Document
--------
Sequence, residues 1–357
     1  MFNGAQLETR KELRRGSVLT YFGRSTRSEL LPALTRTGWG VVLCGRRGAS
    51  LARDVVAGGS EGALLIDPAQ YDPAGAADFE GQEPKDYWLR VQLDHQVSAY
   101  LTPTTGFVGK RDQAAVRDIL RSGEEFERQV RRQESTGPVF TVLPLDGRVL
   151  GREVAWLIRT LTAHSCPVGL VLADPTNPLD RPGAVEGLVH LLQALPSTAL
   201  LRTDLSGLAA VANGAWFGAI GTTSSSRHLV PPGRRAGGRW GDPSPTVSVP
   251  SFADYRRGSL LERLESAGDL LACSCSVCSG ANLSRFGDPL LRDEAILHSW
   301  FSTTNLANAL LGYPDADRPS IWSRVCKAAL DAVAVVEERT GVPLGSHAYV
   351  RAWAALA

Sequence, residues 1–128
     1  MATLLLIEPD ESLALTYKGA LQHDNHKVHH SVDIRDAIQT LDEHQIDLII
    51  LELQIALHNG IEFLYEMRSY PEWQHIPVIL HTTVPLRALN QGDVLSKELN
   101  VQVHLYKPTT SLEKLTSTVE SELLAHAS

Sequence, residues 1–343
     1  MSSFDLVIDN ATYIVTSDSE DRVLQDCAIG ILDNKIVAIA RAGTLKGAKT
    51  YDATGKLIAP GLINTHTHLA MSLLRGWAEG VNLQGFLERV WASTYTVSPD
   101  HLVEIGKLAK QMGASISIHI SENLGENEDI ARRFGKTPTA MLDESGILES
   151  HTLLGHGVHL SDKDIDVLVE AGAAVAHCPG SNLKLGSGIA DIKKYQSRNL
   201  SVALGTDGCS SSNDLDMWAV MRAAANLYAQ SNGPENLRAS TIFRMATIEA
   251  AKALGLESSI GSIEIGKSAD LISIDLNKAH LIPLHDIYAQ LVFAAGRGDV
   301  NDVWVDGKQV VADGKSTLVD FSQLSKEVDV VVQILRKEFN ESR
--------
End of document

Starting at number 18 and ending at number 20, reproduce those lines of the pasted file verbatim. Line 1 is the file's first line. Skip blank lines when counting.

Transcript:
   151  HTLLGHGVHL SDKDIDVLVE AGAAVAHCPG SNLKLGSGIA DIKKYQSRNL
   201  SVALGTDGCS SSNDLDMWAV MRAAANLYAQ SNGPENLRAS TIFRMATIEA
   251  AKALGLESSI GSIEIGKSAD LISIDLNKAH LIPLHDIYAQ LVFAAGRGDV